ATLANTA — When the Louisville Cardinals take the Georgia Dome court against Wichita State at 6:09 tonight in the opening game of the Final Four, their most famous player won't see a single second of action.
"Kevin Ware's probably the most famous person I know right now," Louisville senior point guard Peyton Siva said Friday afternoon. "When you have Oprah Winfrey and Michelle Obama call you, it's pretty good to say I know that person."
Almost everyone knows what happened to Ware six days ago against Duke in the first half of the Midwest Regional final inside Indianapolis's Lucas Oil Stadium.
Attempting to block a Blue Devils shot, the reserve guard landed oddly on his right leg, the bones below his knee snapping in two places, one bone popping six inches through the skin.
It was so grotesque that most news outlets refused to replay it, or ran a lengthy disclaimer before doing so, in order to spare the squeamish from losing their Easter dinners.
It was so overwhelming to anyone who witnessed it that both Cardinals teammates and Blue Devils opponents lost their battles to fight away tears -- especially Louisville coach Rick Pitino, who attempted to cover the injury with a towel to keep his players from seeing it.
But as sometimes happens when an isolated event goes viral, streamed over the Internet for the whole world to witness, Ware's injury swiftly touched the entire Earth.
"He's such a celebrity right now, he's doing David Letterman's Top 10," Cardinals coach Rick Pitino said Thursday with a grin. "I don't know if he has time for us."
Ware was going to try to find time for the media at the Final Four on Friday, but the injury that's expected to sideline him for at least four months got the better of him.
Whether it will hurt the Cards against Wichita State is another question.
"We don't have a backcourt substitute," Pitino explained. "We had a great rotation (leading scorer Russ Smith, Siva and Ware). All three guards were playing well. Now we have to play a walk-on (Tim Henderson). He's going to do the best job he can do."
Added Smith: "Without Kevin, it's going to be tougher. He's that 6-3 hybrid guard that, me and Peyton, we don't have what he has: athleticism, quickness, length. He really throws a lot of opposing offenses off. That's where we're going to miss Kevin.'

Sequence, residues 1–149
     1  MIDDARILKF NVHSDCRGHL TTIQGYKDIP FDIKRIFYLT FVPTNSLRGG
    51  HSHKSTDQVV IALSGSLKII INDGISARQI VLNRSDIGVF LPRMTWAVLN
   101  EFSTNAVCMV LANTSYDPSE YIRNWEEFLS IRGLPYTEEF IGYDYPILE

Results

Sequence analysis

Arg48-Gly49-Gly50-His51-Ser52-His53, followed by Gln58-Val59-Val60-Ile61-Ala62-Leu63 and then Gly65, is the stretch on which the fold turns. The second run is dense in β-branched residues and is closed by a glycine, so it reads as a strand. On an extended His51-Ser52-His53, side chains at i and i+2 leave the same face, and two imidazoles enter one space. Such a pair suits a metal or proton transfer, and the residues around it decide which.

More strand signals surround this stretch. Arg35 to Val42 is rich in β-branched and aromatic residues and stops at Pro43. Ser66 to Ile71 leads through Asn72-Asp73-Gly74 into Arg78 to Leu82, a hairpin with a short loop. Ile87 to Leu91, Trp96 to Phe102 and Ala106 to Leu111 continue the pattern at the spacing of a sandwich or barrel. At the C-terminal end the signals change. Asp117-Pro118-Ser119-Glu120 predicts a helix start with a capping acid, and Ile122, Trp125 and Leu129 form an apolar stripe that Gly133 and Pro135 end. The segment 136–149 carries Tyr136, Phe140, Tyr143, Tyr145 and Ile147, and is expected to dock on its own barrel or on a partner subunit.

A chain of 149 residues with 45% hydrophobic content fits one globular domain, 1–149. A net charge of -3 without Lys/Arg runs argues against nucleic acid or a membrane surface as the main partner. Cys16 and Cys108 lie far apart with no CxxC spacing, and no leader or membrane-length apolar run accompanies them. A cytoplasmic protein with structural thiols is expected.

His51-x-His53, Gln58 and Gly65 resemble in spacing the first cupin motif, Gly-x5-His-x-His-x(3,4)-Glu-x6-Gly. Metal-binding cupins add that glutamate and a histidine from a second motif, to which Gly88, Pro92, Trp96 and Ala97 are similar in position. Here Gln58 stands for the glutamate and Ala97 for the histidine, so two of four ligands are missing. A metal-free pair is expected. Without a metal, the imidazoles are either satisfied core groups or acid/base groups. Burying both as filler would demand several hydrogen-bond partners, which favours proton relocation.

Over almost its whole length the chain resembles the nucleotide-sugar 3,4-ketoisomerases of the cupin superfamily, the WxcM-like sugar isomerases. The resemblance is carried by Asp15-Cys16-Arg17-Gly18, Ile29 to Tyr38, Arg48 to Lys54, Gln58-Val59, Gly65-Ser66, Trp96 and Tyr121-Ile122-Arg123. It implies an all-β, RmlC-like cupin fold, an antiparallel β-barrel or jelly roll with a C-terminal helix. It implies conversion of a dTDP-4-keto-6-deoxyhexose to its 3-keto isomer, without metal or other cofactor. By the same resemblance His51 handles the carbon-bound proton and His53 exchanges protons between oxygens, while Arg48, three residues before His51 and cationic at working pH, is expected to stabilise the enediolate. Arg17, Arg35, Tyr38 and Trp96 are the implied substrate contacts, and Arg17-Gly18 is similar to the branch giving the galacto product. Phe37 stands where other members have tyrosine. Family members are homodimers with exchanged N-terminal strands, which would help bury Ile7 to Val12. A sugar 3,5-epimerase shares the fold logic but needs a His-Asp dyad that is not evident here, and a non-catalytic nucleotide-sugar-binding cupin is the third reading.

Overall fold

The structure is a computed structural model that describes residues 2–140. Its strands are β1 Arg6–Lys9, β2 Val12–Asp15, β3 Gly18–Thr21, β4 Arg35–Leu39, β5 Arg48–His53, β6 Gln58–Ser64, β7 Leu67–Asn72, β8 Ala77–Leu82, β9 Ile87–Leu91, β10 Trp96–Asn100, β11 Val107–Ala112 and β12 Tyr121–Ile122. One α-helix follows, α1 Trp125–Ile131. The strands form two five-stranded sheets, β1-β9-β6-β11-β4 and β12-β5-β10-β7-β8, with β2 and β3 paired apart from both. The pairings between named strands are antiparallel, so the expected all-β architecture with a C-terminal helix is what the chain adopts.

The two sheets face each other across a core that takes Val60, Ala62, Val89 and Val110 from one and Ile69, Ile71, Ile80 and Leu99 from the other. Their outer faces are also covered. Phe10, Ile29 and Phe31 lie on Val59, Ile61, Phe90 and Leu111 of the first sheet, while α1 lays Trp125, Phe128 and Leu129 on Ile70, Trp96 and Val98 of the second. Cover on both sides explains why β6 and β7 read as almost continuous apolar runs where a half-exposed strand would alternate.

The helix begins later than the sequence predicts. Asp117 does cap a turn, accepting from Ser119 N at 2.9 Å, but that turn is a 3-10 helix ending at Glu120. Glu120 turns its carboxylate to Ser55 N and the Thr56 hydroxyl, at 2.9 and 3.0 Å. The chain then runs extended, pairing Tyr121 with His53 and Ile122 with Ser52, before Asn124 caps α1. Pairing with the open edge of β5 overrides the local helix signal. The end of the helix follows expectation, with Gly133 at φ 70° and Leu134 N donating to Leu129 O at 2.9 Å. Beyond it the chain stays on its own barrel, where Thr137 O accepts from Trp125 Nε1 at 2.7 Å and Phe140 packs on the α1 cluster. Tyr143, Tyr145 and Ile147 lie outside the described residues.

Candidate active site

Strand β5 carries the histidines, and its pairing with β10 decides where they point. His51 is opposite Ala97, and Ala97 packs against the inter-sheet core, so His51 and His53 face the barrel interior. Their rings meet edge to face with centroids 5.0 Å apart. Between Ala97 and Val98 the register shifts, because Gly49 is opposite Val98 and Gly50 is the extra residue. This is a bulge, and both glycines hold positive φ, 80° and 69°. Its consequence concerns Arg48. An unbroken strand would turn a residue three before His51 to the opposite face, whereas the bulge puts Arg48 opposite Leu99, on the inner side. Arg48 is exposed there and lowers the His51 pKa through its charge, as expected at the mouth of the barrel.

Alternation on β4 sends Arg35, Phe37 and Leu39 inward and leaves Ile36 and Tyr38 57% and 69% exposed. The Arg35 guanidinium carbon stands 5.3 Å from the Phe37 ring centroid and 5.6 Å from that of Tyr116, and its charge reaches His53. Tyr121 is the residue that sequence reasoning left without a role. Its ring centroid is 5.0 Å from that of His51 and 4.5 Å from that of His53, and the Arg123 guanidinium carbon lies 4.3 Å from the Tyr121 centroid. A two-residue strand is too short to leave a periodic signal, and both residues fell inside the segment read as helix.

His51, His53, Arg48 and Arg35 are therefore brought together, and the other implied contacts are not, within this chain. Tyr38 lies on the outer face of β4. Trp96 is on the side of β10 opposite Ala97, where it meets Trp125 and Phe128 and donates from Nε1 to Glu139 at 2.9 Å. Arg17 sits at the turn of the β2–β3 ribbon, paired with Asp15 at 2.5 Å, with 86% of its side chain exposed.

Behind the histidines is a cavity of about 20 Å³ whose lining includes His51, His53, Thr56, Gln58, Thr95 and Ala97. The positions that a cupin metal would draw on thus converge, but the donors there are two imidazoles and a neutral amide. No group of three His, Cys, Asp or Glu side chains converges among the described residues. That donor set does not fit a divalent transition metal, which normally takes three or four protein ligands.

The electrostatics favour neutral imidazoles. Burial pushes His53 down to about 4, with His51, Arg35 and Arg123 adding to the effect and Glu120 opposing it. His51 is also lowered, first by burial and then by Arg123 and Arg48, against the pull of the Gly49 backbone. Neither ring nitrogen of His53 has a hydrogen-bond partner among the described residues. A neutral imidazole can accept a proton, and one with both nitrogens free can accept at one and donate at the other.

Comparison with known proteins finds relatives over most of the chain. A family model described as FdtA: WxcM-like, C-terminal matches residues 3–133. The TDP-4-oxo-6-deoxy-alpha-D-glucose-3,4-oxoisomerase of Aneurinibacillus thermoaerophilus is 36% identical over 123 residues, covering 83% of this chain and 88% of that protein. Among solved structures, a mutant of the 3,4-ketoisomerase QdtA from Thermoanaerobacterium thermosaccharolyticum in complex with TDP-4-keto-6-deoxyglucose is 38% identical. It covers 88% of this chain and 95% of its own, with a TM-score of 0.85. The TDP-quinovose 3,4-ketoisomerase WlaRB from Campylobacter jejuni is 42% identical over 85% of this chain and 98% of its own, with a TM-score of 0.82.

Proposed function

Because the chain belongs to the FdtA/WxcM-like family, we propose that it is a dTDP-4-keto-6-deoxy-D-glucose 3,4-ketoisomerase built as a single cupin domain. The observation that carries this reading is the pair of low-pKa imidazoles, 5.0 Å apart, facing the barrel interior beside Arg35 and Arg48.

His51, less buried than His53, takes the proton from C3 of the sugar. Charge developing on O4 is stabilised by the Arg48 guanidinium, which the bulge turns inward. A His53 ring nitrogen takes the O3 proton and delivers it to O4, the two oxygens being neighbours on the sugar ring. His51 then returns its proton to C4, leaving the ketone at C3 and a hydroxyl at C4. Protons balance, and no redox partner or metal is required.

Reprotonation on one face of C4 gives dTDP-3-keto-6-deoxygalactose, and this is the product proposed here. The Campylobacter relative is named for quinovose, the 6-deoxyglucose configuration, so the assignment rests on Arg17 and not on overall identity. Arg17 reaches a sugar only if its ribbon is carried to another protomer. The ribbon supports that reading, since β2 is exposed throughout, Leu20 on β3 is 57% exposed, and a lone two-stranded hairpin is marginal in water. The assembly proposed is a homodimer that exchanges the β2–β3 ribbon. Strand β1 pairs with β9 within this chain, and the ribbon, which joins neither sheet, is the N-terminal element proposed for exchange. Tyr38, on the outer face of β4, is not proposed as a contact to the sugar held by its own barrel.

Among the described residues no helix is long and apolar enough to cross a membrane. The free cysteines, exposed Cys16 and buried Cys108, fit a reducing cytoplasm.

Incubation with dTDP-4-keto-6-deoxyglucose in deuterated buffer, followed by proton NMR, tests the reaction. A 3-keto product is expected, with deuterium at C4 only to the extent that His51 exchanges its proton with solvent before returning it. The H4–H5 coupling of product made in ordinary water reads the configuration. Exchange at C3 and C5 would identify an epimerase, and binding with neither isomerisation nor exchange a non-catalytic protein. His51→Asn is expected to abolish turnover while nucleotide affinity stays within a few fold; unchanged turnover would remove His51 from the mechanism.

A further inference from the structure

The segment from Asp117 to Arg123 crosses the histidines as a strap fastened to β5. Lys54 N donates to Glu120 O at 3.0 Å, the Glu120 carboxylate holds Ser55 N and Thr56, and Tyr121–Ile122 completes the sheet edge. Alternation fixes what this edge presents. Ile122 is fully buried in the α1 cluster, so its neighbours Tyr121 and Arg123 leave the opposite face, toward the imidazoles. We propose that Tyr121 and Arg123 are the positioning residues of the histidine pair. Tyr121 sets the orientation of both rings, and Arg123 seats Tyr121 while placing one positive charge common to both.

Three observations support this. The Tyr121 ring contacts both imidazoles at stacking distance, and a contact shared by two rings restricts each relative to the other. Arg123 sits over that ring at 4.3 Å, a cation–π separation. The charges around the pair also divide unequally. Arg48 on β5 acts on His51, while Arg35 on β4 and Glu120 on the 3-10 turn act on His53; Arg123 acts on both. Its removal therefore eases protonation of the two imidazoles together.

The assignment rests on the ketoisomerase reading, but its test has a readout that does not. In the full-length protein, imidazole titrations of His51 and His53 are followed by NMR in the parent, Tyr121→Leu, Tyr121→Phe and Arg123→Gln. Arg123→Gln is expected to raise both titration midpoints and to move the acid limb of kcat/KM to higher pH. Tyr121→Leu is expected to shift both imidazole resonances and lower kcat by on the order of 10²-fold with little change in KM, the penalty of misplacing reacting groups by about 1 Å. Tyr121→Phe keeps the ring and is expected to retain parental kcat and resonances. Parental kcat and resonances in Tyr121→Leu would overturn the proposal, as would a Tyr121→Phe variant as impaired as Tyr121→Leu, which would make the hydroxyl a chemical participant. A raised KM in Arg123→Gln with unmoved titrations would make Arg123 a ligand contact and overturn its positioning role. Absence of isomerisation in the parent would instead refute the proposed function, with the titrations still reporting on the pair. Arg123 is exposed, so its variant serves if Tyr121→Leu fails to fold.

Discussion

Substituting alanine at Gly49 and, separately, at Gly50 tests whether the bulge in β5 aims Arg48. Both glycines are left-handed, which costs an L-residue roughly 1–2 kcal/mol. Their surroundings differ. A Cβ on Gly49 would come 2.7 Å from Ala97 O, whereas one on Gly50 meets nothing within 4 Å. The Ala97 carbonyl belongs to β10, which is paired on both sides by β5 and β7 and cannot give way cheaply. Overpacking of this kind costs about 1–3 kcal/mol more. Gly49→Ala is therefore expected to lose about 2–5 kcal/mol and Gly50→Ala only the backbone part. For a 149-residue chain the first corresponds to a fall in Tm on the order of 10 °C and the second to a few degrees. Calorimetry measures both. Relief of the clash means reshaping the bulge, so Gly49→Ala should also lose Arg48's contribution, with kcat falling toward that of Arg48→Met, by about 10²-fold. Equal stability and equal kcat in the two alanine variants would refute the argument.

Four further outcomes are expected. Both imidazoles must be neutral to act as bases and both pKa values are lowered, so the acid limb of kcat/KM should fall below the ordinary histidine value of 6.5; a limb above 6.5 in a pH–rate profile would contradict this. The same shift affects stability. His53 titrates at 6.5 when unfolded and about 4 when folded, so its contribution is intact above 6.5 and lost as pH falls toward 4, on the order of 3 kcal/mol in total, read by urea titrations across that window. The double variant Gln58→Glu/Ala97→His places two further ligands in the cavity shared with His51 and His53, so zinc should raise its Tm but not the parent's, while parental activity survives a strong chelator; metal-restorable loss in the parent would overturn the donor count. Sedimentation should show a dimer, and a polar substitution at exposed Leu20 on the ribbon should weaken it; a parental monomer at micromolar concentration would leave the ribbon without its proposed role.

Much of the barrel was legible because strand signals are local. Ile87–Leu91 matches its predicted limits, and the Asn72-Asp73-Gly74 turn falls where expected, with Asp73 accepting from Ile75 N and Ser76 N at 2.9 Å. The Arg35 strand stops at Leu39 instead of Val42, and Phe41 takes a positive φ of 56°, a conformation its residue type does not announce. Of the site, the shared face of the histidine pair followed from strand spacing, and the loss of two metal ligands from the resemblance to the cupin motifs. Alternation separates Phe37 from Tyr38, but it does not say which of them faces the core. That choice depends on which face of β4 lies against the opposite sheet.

Henderson is a 6-foot-2 junior who has averaged 3.5 minutes this season, scoring a total of 16 points, including the 3-pointer he buried at the close of last week's Duke game.
But, as Siva pointed out, "He's been guarding Russ Smith the whole year. If you can guard Russ Smith, you can guard anybody."
With Ware coming off the bench, the Cardinals have guarded almost everyone they've played into oblivion, forcing an average of 18.6 turnovers a game, including 10.9 steals. Such defense has led Louisville to 14 straight wins. The Cards also are 29-0 when leading at halftime.
And while attempting to finish the job they started a year ago when they reached the Final Four but lost to eventual national champ Kentucky in the semifinals, these redbirds now have another reason to succeed.
"I think it will be a big motivation for us," sophomore forward Chane Behanan said. "One of our teammates went down. We, as a team, have to step it up."
Win two more games inside the Georgia Dome and Oprah and Michelle might call the entire Louisville team.
Contact Mark Wiedmer at firstname.lastname@example.org
Mark Wiedmer started work at the Chattanooga News-Free Press on Valentine’s Day of 1983. At the time, he had to get an advance from his boss to buy a Valentine gift for his wife. Mark was hired as a graphic artist but quickly moved to sports, where he oversaw prep football for a time, won the “Pick’ em” box in 1985 and took over the UTC basketball beat the following year. By 1990, he was ...